Jude the Obscure By Thomas Hardy Part 4: Chapters 3-4

Her eyes had filled. "HE wouldn't have inquired!" she said. "But you haven't answered me. Will you let me go away? I know how irregular it is of me to ask it — "

"It is irregular."

"But I do ask it! Domestic laws should be made according to temperaments, which should be classified. If people are at all peculiar in character they have to suffer from the very rules that produce comfort in others! ... Will you let me?"

"But we married — "

"What is the use of thinking of laws and ordinances," she burst out, "if they make you miserable when you know you are committing no sin?"

"But you are committing a sin in not liking me."

"I DO like you! But I didn't reflect it would be — that it would be so much more than that... For a man and woman to live on intimate terms when one feels as I do is adultery, in any circumstances, however legal. There — I've said it! ... Will you let me, Richard?"

"You distress me, Susanna, by such importunity!"

"Why can't we agree to free each other? We made the compact, and surely we can cancel it — not legally of course; but we can morally, especially as no new interests, in the shape of children, have arisen to be looked after. Then we might be friends, and meet without pain to either. Oh Richard, be my friend and have pity! We shall both be dead in a few years, and then what will it matter to anybody that you relieved me from constraint for a little while? I daresay you think me eccentric, or super-sensitive, or something absurd. Well — why should I suffer for what I was born to be, if it doesn't hurt other people?"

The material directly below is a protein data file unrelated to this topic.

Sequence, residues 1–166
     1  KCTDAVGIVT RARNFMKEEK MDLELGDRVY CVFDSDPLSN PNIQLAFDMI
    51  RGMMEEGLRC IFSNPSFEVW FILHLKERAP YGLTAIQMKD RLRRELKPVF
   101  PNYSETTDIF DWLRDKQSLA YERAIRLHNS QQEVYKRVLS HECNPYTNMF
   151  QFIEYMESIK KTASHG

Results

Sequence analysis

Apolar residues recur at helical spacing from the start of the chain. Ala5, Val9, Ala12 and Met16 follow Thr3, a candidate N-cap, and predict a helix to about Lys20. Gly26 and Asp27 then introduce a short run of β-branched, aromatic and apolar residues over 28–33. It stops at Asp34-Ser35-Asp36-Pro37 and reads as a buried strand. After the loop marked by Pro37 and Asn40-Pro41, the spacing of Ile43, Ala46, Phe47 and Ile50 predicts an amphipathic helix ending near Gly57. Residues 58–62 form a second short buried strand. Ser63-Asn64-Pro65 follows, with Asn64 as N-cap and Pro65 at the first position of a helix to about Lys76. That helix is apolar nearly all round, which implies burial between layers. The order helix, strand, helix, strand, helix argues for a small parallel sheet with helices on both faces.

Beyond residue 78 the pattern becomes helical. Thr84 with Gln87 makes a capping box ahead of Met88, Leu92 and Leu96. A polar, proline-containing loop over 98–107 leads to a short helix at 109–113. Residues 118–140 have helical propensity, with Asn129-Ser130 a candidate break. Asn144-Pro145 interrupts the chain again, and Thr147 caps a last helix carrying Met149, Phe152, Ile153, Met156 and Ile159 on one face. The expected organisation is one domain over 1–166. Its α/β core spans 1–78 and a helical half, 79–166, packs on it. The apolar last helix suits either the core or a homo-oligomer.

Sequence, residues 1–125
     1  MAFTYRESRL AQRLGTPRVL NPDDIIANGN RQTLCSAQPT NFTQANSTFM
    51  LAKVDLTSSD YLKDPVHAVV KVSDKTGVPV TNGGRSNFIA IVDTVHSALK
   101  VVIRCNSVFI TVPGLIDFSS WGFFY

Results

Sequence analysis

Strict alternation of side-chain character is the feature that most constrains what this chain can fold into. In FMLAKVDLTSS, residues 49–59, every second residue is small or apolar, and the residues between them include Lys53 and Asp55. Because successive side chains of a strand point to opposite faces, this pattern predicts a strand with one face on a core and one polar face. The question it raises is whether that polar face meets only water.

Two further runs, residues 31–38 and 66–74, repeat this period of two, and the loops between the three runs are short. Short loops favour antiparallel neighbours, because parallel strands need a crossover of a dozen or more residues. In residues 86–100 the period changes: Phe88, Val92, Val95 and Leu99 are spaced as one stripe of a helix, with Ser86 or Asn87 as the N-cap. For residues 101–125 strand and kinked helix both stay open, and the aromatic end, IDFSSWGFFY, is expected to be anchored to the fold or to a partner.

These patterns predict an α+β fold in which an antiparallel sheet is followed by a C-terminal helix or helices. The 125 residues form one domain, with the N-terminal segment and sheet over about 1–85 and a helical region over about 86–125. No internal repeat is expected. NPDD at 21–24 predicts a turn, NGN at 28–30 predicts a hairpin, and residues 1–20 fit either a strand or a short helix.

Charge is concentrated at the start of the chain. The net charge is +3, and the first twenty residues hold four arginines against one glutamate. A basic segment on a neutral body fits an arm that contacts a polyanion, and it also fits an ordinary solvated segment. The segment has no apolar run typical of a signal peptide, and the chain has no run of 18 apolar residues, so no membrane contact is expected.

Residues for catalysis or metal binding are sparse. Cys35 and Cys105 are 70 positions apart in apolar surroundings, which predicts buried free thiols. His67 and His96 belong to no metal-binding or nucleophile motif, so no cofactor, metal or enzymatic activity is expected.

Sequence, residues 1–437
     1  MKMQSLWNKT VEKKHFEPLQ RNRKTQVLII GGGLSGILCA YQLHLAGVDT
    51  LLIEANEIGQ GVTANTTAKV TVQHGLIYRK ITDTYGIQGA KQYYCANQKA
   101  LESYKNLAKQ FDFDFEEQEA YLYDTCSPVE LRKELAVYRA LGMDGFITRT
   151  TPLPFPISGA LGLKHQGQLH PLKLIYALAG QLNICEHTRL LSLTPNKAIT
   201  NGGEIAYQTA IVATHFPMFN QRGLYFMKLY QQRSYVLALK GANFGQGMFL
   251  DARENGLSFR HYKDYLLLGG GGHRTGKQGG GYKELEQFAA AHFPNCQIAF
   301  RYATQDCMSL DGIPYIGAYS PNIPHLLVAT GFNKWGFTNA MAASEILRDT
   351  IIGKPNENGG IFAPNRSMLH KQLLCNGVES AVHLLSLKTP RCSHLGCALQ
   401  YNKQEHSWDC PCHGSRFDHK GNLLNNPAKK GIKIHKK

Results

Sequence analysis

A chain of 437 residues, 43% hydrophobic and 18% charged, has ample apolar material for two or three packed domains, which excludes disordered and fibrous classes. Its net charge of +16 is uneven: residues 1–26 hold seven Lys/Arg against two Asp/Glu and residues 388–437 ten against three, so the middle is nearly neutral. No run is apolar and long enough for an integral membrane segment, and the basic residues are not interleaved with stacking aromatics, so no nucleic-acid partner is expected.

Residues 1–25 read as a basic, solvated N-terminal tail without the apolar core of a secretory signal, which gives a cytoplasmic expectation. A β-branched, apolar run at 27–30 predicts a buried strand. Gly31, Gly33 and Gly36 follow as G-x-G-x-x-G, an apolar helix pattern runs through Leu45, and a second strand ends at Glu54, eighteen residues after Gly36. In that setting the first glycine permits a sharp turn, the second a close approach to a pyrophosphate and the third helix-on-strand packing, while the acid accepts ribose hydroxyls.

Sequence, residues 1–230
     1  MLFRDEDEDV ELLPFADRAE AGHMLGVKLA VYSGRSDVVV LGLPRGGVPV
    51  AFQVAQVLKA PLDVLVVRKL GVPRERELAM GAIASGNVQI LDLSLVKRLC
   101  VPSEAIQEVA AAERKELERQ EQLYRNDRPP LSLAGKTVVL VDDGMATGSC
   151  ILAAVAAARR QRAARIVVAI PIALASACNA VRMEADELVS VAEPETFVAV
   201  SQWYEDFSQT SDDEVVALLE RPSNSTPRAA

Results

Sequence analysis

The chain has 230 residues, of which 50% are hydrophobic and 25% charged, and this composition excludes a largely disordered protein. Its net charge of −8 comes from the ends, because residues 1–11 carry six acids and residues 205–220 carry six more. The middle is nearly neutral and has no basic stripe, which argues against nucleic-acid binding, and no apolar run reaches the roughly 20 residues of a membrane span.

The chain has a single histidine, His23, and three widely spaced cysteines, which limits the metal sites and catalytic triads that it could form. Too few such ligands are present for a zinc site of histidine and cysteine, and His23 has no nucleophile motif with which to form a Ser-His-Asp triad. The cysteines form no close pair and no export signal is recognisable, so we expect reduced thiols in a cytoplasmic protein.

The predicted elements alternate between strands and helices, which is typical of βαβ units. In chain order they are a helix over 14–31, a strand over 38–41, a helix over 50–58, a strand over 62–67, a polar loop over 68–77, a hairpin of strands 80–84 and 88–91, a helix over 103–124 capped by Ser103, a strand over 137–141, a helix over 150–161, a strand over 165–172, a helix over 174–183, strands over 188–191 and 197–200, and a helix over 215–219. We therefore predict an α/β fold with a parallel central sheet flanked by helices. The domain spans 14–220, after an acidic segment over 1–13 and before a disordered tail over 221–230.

"But it does — it hurts ME! And you vowed to love me."

"Yes — that's it! I am in the wrong. I always am! It is as culpable to bind yourself to love always as to believe a creed always, and as silly as to vow always to like a particular food or drink!"

"And do you mean, by living away from me, living by yourself?"

"Well, if you insisted, yes. But I meant living with Jude."

"As his wife?"

"As I choose."

Phillotson writhed.

Sue continued: "She, or he, 'who lets the world, or his own portion of it, choose his plan of life for him, has no need of any other faculty than the apelike one of imitation.' J. S. Mill's words, those are. I have been reading it up. Why can't you act upon them? I wish to, always."

"What do I care about J. S. Mill!" moaned he. "I only want to lead a quiet life! Do you mind my saying that I have guessed what never once occurred to me before our marriage — that you were in love, and are in love, with Jude Fawley!"

"You may go on guessing that I am, since you have begun. But do you suppose that if I had been I should have asked you to let me go and live with him?"

The ringing of the school bell saved Phillotson from the necessity of replying at present to what apparently did not strike him as being such a convincing argumentum ad verecundiam as she, in her loss of courage at the last moment, meant it to appear. She was beginning to be so puzzling and unstateable that he was ready to throw in with her other little peculiarities the extremest request which a wife could make.